Charles Tyson Yerkes

Born 1837, Died December 29, 1905

Charles Tyson Yerkes made his fortune in Philadelphia before moving to Chicago in 1881. He got started in business when he was just 8, buying some soap at 6 cents a pound, and selling it to stores for 9 cents a pound.1 Yerkes was a office boy at 15, stock broker at 22, banker at 25, and in prison at 34 for misapplying funds.2

Just five years in Chicago, he was able to buy control of the North Chicago City Railway. He spent the next dozen years building up a monopoly over public transportation. His profitable methods included poor service and cars that were falling apart. Alongside this, he made no excuses for his rampant bribing of officials and questionable actions.3

Using his influence and considerable fortune, Yerkes was able to get the legislature to enact "eternal monopoly" bills in 1895. These would give Yerkes 99 year franchises to use the Chicago streets for his transit lines - for free. Yerkes attempted to bribe Governor Altgeld, but he refused. In response, Yerkes did everything he could to unseat Altgeld, which he succeeded in.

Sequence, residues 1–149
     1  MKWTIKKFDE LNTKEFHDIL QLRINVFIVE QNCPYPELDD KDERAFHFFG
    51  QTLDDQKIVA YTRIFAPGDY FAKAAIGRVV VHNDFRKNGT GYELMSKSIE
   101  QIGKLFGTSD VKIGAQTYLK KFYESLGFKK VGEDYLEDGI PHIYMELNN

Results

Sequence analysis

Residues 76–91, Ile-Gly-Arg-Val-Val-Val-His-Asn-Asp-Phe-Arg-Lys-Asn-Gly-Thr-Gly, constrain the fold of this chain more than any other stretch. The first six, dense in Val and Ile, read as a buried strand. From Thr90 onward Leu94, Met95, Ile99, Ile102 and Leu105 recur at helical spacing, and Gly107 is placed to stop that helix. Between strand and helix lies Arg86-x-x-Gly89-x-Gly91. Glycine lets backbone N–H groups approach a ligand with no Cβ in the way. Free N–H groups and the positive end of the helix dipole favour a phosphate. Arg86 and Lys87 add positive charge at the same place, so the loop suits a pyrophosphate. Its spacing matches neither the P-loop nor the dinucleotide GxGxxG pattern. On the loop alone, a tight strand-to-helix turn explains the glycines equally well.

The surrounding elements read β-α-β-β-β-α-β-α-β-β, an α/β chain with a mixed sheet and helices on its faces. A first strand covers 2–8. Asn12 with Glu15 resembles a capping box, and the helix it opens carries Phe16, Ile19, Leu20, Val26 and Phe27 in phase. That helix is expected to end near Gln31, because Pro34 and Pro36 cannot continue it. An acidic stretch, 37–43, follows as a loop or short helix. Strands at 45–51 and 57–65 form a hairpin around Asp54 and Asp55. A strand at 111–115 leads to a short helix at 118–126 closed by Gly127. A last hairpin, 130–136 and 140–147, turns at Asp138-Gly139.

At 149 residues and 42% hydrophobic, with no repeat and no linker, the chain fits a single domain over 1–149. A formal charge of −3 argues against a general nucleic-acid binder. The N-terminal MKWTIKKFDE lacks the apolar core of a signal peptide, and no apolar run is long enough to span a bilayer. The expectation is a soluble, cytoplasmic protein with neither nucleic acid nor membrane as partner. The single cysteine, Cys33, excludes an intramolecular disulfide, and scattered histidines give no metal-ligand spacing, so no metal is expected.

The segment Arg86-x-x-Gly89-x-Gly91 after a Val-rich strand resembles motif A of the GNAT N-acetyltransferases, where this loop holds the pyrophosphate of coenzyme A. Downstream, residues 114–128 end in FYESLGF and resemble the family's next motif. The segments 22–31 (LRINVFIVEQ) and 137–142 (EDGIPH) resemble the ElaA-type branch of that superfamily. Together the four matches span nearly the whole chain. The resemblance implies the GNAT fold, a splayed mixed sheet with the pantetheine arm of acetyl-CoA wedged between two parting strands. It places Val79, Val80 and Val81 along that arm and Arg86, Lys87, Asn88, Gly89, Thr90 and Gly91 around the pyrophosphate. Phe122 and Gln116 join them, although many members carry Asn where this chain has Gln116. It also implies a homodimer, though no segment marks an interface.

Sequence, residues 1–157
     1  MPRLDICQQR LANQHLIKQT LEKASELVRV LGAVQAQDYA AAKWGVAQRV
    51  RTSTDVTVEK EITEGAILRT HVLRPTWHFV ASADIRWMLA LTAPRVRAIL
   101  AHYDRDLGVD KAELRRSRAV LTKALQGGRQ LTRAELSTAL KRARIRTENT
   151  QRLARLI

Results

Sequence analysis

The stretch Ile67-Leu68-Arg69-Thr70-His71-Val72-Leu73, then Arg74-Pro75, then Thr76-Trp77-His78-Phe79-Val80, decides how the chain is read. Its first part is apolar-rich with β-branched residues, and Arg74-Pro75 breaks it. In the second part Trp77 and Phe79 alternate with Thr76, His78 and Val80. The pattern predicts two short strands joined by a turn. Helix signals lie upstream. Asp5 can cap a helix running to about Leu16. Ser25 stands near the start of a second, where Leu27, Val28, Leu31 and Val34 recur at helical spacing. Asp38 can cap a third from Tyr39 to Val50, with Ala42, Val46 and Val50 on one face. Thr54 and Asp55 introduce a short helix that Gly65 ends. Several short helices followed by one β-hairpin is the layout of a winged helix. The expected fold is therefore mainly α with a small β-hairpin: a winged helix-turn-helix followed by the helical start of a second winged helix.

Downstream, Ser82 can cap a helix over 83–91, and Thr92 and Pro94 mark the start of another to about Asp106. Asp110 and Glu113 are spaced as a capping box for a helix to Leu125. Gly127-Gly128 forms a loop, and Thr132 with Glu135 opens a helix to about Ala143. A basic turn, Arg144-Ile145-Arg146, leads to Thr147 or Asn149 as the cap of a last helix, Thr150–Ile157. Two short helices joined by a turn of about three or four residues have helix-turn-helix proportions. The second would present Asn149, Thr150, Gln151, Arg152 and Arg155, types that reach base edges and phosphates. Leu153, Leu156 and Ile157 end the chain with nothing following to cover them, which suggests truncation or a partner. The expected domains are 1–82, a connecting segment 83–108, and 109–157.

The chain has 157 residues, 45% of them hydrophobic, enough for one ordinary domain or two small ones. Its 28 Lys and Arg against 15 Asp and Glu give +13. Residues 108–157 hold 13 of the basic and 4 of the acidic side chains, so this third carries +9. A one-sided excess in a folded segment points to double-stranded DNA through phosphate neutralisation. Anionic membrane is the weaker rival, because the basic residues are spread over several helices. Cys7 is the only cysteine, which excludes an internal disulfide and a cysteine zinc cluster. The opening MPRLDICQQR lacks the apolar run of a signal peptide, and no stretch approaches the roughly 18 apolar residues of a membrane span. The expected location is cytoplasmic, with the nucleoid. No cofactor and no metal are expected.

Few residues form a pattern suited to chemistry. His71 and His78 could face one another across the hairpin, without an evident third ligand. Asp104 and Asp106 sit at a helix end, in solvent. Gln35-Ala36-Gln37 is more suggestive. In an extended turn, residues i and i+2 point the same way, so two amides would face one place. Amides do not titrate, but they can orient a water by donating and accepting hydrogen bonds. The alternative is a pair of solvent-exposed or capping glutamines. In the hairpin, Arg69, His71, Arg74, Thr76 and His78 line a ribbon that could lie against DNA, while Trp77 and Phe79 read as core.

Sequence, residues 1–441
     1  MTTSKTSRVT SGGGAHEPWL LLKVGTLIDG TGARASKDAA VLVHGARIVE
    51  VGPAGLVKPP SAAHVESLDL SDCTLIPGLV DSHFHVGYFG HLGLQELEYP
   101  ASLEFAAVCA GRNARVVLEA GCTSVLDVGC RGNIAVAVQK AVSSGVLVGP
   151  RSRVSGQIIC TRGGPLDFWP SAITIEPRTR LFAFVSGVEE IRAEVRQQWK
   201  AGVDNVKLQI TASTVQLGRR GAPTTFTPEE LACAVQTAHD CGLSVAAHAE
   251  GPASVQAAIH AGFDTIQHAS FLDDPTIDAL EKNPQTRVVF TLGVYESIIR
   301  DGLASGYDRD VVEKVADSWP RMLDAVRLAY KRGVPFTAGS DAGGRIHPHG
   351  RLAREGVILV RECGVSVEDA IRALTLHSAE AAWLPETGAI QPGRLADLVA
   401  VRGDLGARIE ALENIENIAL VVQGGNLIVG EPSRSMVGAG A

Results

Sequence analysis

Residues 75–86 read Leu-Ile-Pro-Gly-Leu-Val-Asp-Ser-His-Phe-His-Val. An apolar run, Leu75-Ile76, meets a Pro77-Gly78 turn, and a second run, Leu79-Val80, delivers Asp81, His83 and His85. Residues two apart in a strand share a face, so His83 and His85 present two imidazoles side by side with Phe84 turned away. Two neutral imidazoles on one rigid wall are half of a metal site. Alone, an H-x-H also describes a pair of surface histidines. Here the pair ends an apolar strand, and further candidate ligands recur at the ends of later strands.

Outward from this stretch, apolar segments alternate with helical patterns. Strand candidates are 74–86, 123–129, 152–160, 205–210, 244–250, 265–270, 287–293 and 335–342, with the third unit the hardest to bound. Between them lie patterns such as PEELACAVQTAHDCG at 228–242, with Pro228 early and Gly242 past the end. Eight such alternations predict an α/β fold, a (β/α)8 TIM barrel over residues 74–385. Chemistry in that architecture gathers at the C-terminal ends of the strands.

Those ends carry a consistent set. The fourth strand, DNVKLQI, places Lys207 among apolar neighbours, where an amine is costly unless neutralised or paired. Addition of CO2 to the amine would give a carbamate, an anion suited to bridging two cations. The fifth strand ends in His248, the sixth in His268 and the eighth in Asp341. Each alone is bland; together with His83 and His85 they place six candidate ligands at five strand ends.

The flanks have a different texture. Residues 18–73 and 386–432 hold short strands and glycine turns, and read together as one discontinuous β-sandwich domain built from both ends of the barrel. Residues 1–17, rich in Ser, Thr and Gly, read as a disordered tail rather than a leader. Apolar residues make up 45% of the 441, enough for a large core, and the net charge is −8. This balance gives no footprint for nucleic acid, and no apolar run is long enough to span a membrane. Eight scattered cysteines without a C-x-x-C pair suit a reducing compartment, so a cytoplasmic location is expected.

The next governor, John R. Tanner, signed legislation giving Yerkes 50 year franchises, instead of 99. However, on December 19, 1898, this was voted down, much to Yerkes chagrin. He then left Chicago for London, where he headed the men who dug the underground.4

He died December 19, 1905, leaving an estate of $2.1 million.5

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